Amonwan Mirpuri is an artist whose work challenges the conceptual relationship between human experience, mind, body and the soul.
A renowned contemporary Thai-Indian artist who is known for expressing her art through symbolism, Amonwan Mirpuri’s work is a mix of media art, paintings and sculptures leans towards the abstract and is based on the premise that time is an illusion and that we are all in a state of constant motion. Her new show ‘Dear Women’ at Method Art Space at Kala Ghoda, Mumbai is a tribute to all women who have either been abused, suppressed or have been victims of assault. She tells us more in this exclusive tête-à-tête.
Tell us something of your early days, education and how you were growing up.
I grew up with a Thai mother and an Indian father making the household rich in culture and tradition. At the same time, attending an international school hanging out with friends from around the world also imprinted a westernized culture in me. My art mostly is self-taught from research and experiment. I grew up having a rough childhood, tackling issues throughout my teenage years and adolescence I believe people can relate to. I think that is why I choose and am so passionate about the subject of consciousness, the human psyche and evolution, trauma and societal conditioning/issues. Having first-hand experience of abuse and making peace with it, I am now using it as a stepping stone to growth, tool for healing, a platform for voice and a bridge in connecting this art to people and their stories in the hopes of it being healing for them too.
What drew you towards art?
As a human being and as a woman, I feel there is a natural movement to speak and be about human beings, about women and the way we function in society and vice versa. We all have different purposes in life in carrying out a calling, whatever that maybe and I think art is my calling to carry out a purpose.
What kind of materials do you use in your art works?
I work intuitively with art and so I am always introducing new mediums to the work process. Right now I am working with oil, acrylic, graphite, charcoal, Plaster of Paris and resin. I feel as a creative person, there is no limitation to the tools, the mediums, or channels you use to convey your expression. Whatever your vision calls you to do, the medium used to manifest that vision will be your choice of material and that way you keep growing because the learning never stops.
What are the messages you convey through your art?
More than a message it is an invitation to look at one self and how we are interacting with the world with the beliefs that has been brought down to us. It is to also question and inquire the beliefs we have taken down upon ourselves, question what we have learned and question ourselves. Healthy people make healthy relationships. Healthy people make a healthy society. It is a process of unlearning everything you are not to arrive at what you already are. And that process can only be experienced independently to anyone who does the work.
How challenging is to create mix media works?
The challenging part is probably to remove yourself and your mind from the process of creating. Working intuitively requires you to act as a vessel for something bigger than you to come through. It is quite a humbling experience and where I feel is the same source all intuitive creatives create from. To address the insecurities that come up, the fear, the doubt and then from a space of openness, allow the creative process to happen, allow the intuition, the movement from within to come through.And to get to a movement of creating for the sake of creation, it is to address all that comes in between and create from a purer space, for the experience of it.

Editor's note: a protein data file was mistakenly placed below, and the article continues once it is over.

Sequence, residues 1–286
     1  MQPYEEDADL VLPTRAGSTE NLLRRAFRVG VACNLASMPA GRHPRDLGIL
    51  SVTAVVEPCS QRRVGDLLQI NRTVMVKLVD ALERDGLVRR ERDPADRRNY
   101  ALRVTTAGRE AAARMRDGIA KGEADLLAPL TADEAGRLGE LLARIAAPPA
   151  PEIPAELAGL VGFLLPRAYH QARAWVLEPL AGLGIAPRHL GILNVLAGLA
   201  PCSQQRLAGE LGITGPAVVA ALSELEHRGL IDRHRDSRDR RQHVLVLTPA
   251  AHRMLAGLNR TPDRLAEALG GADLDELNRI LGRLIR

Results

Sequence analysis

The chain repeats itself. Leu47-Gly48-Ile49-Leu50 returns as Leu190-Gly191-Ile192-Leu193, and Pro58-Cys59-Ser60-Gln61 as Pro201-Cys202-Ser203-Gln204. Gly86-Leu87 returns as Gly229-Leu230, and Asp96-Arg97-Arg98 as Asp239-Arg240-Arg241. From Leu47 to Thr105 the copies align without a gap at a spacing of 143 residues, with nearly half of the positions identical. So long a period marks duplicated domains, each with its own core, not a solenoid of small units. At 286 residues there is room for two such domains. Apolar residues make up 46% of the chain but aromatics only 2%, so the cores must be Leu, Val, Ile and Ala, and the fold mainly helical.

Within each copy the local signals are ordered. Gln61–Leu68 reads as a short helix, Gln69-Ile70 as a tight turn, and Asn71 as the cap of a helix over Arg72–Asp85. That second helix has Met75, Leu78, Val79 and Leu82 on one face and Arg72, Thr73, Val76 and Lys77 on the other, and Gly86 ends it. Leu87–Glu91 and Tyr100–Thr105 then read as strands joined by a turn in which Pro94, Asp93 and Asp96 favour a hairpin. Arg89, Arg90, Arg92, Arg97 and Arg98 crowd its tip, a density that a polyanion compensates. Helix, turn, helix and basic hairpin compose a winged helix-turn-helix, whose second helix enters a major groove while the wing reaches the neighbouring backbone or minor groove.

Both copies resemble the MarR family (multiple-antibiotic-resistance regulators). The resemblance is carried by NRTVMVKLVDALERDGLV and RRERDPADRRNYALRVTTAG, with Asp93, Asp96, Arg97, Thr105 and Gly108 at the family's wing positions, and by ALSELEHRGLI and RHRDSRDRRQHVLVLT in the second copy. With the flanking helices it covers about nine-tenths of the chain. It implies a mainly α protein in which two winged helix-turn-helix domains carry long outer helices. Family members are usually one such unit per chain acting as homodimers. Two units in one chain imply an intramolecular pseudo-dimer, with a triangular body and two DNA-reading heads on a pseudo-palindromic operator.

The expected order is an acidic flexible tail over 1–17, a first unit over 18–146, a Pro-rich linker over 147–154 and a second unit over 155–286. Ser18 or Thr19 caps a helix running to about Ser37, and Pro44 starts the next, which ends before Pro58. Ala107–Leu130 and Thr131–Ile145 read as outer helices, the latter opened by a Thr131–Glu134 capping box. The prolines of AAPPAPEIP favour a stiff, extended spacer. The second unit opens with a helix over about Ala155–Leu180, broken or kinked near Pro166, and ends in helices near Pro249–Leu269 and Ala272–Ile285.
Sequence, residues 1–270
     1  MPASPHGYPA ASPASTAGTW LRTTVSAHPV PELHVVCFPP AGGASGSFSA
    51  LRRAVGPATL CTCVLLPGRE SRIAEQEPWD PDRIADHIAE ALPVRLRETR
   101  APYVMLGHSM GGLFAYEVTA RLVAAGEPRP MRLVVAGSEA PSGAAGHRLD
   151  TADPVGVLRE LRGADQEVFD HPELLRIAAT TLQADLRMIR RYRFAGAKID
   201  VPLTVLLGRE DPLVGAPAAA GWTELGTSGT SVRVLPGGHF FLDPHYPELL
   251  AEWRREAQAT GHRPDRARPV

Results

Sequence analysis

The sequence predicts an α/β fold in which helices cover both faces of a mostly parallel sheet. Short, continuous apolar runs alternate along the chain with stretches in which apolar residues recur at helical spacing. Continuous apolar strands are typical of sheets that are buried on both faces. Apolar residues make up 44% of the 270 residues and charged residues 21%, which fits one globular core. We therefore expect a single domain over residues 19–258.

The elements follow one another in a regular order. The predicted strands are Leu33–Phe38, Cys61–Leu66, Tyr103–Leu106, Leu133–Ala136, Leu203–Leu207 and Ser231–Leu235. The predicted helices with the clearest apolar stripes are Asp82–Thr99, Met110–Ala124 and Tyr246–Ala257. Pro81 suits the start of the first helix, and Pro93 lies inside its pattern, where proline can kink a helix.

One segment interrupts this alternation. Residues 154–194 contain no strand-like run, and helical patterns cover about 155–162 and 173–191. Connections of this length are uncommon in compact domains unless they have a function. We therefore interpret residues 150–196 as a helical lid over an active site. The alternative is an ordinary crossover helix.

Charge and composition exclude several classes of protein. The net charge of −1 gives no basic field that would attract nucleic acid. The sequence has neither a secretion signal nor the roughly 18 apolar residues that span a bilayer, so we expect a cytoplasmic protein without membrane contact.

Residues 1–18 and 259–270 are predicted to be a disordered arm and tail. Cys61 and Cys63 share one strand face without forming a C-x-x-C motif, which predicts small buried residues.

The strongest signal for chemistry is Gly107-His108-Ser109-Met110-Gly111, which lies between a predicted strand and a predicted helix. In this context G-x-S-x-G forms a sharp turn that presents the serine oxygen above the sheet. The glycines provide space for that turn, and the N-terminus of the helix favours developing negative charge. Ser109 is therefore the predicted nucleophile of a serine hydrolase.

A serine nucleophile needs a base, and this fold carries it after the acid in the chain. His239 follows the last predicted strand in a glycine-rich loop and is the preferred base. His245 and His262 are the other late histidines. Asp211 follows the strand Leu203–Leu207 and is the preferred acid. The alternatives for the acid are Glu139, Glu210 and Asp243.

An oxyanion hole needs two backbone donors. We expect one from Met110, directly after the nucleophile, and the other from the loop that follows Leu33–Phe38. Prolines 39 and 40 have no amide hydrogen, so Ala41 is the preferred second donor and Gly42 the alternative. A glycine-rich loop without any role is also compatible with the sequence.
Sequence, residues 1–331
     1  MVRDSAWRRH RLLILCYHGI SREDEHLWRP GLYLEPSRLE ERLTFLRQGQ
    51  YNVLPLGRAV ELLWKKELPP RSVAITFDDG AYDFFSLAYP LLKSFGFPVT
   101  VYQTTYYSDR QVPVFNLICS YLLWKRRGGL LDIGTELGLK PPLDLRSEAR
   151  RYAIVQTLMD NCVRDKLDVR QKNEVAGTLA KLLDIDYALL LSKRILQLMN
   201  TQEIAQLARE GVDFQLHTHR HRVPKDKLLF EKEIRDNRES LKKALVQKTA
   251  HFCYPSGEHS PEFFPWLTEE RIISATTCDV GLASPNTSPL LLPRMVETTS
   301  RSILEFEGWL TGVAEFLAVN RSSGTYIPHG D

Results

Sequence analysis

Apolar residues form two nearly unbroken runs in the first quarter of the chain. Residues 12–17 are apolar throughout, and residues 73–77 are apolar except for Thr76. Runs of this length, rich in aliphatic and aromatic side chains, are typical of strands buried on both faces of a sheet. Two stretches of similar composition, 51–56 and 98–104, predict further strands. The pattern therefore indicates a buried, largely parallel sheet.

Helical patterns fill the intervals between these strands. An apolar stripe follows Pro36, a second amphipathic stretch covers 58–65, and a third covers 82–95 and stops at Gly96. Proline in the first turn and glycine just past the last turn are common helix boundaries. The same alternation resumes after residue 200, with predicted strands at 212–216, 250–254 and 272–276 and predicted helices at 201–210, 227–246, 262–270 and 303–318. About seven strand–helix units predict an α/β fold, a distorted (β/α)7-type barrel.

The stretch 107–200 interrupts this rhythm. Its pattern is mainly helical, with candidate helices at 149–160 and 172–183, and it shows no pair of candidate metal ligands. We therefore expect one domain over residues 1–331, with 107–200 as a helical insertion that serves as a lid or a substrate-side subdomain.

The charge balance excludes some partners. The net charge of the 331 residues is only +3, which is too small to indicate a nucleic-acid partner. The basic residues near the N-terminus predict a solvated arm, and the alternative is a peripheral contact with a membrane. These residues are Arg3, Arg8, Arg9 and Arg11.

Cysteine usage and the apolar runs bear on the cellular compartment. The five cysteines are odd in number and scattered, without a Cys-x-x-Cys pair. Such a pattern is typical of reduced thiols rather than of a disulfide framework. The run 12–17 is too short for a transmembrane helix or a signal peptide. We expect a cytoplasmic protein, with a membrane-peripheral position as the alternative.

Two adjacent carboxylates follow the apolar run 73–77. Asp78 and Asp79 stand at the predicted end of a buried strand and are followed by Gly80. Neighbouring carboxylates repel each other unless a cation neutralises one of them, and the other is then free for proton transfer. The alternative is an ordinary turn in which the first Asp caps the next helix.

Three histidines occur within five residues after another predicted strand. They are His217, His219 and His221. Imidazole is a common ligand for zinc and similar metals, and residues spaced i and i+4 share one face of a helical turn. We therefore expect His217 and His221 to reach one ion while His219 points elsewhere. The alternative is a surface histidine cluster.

Who or what inspires you?
The journey to ourselves and everything in between is what inspires me. The break, the fall, the buildup, what we are as energy, as an identity, as a collective, what we revolve around and the experiences that mould us is where I gather my inspiration. I work a lot around the concept of energy, states of consciousness, and the human psyche.
Tell us about your show “Dear Women”.
Dear Women portrays the four stages of trauma women go through as a direct result of an abusive experiences relating to harassment, rape, domestic violence and any other related forms of abuse. Although the concept is revolved around women, it is not limited because on a vast scale, everybody has experienced trauma in some form or another. We all go through the same cycle of breaking apart, putting ourselves back together, struggling to find that place where we belong, tackling with our own mental struggle, and even find a place in society where it is accepting for us to be undeniably ourselves. The purpose for this exhibition is to break the norms society has brought down to us in forms of society beliefs, cultural beliefs and knowledge that are doing more harm than good.
How is art being perceived in India?
Art in India has been a very powerful expression of the state of the country and the people. With the protests of the NRC and the CAA that has been going on, art has served as a platform in voicing the things that matter. Especially in today’s world where there is less censorship in the art world provokes awareness and sparks conversation.
Your future plans?
I would love to take Dear Women on a tour to different countries because I think this is an important conversation to have. To continue to forgive, to heal, to love, to transmute pain to power, and to speak from a conscious space of vulnerability as only true change can happen from that space.
This story first appeared in The New Indian Express dated Feb 9, 2020 here: